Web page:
After graduating from university, I had the opportunity to live in Canada for a year.
My knowledge of the country was pretty limited, to the extent that I didn’t know it is officially bilingual (French and English). I found an article discussing efforts to preserve indigenous Canadian languages interesting. The two official languages are supplemented by a range of indigenous languages, which do not get as much attention as French. (Note: “First Nations” refers only to the Indian aboriginal people of Canada. For more information, see here.)
By official count, there are more than 50 First Nations languages across Canada.
Some are thriving.
The Cree, for example, have as many as 80,000 everyday speakers. Dozens others, though, are in danger of disappearing. In 1998, the Assembly of First Nations declared a state of language emergency.
First Nations people aren’t the only ones concerned about the vanishing words. Linguists frantic to preserve the historical tongues are furiously collecting and recording data before all those speak them pass away.
“There’s a sense of desperation, of our data disappearing before our eyes, ” laments aboriginal language expert Darin Flynn from the University of Calgary.
Southern Alberta provides an example of the dangers facing First Nation languages across the country.
The Treaty 7 languages – Tsuu T’ina, Stoney Nakoda and Blackfoot – are each at different stages of decline. (Source: Canada.com)
Let’s hope that all the effort put in to bilingualism in Canada will also recognise these indigenous languages. Read the full article here.
Following my earlier post about Hangul Day, or Korean Alphabet Day, I was reading further about the alphabet.
The Koreans have immense pride in their alphabet, and are keen to share it. One woman also thinks Hangul’s use can be extended outside of Korea. The Hunminjeongeum Research Institute was founded by Lee Ki-nam in 2007, and aims to apply Hangul to native languages which are becoming extinct due to a lack of their own writing system. Currently, the Institute has a memorandum of understanding with the city of Bau-Bau of southwestern Indonesia to use Hangul, and it is being used by the Cia-Cia tribe to transcribe their language.
There are some issues surrounding the project however:
In Indonesia, where the government is encouraging its 240 million people to learn a “language of unity,” Bahasa Indonesia, for effective communication among a vast array of ethnic groups, Ms. Lee’s project raises delicate issues.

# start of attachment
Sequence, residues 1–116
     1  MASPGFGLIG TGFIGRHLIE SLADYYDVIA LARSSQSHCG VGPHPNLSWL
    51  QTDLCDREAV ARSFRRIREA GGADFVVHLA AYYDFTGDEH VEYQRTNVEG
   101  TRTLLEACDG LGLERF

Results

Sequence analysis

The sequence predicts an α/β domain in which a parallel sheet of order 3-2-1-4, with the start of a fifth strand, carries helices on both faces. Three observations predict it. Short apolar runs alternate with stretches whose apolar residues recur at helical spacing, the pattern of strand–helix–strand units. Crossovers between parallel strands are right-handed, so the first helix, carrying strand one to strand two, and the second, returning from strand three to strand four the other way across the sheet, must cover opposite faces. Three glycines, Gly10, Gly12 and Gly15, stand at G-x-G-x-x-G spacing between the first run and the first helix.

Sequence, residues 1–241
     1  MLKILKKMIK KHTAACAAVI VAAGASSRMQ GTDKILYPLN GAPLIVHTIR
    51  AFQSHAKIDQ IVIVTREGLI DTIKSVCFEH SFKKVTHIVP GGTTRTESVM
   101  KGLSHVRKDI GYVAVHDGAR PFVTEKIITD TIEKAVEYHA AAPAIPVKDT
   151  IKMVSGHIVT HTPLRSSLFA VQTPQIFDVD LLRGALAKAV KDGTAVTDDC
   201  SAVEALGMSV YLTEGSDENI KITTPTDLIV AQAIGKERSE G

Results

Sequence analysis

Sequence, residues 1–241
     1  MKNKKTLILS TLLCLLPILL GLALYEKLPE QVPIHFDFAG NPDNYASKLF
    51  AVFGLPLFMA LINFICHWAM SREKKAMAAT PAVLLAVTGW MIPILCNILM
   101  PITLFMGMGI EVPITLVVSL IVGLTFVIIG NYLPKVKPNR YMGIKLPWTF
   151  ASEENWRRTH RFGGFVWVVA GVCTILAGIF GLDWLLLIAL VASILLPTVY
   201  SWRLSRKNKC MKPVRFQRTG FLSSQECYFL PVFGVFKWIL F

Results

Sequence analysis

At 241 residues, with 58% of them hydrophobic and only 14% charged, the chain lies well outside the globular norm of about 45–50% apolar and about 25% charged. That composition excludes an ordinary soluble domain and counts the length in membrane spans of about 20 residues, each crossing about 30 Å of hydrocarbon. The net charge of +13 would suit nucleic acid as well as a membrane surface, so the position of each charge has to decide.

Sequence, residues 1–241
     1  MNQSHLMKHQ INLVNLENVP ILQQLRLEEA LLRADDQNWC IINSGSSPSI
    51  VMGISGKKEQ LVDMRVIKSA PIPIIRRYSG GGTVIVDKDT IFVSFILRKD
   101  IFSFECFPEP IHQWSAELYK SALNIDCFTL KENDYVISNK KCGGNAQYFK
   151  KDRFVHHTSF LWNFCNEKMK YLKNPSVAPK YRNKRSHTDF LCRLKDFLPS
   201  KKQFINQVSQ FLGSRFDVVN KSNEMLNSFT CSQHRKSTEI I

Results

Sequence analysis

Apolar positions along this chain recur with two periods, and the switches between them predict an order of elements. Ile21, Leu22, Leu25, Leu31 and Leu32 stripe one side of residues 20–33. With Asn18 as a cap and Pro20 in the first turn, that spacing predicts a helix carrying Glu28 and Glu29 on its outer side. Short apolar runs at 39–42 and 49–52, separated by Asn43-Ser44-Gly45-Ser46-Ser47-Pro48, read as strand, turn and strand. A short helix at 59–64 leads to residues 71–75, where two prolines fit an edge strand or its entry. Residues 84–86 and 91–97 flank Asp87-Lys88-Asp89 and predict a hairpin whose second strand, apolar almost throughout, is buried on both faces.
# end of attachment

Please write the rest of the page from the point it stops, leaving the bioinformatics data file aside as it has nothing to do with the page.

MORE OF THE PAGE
“If this is a kind of hobby, that’s fine,” Nicholas T. Dammen, the Indonesian ambassador to South Korea, said recently, referring to the decision by the Cia-Cia ethnic minority to adopt Hangul. “But they don’t need to import the Hangul characters. They can always write their local languages in the Roman characters.”
Shin Eun-hyang, an official at the Korean language division of the Ministry of Culture, Sports and Tourism in Seoul, said: “This is diplomatically sensitive. The government is limited in how much direct support it can provide to such projects.”
The government says it does not provide money to Ms. Lee’s group, but she said it offered indirect support by giving linguists grants to pursue their work, which can include teaching Hangul abroad. (Source: New York Times)
Read more about the Cia-Cia project, and the full article from the New York Times. What do you think? Is it appropriate to apply the Korean alphabet to completely different languages?
Today in South Korea is Hangul Day, or Korean Alphabet Day.
The day celebrates the invention and proclamation of hangul, the native Korean alphabet. The Koreans are the only people in the world to celebrate their alphabet, and are justifiably proud of it!
Hangul was devised by King Sejong the Great, and revealed in 1446. Previous to this, there was no written Korean alphabet, and the few elite that could write relied on modified Chinese characters.
Hangul Day has been commemorated on various days since, but October 9th was marked as the official national holiday in 1945, after the creation of the South Korean government. Although it no longer retains its status as a holiday, October 9th is still a national commemoration day in South Korea.
Originally consisting of 28 letters, modern Hangul now has 24, 14 consonants and 10 vowels. The letters are combined together into syllable blocks. Korean can be written in horizontal lines running from left to right, or in vertical columns running from top to bottom and right to left. The alphabet represents all the sounds of Korean and is reportedly easy to learn!
A friend has brought to my notice an interesting programme on the BBC World Service (also available on the BBC website) about the Yiddish language.
Once a German dialect, Yiddish (literal translation “Jewish”) developed into a full language over the course of a millennium. Whilst the early history of the language is uncertain, it’s thought that it grew from a distinct Jewish culture called Ashkenazi in Germany in the 10th Century. At its height, more than ten million people spoke or understood the language.
Events in the 20th Century meant that many Yiddish speakers were killed and those remaining assimilated in to different cultures and languages. Today it’s estimated there are 3 million speakers worldwide.
In the first part of the programme:
Dennis Marks travels to New York to discover what has become of Yiddish and how much of the language survives today.
On the Lower East Side, where many Jewish migrants first came to live, he finds a musical and theatrical tradition which once supported a dozen Yiddish theatres on 2nd Avenue.
He hears from the publisher of The Forward, once the world’s most popular Yiddish newspaper, but which is now in seemingly terminal decline.
And he explores the enormous influence of Yiddish culture on American life, its literature and its comedic tradition. (Source: BBC World Service)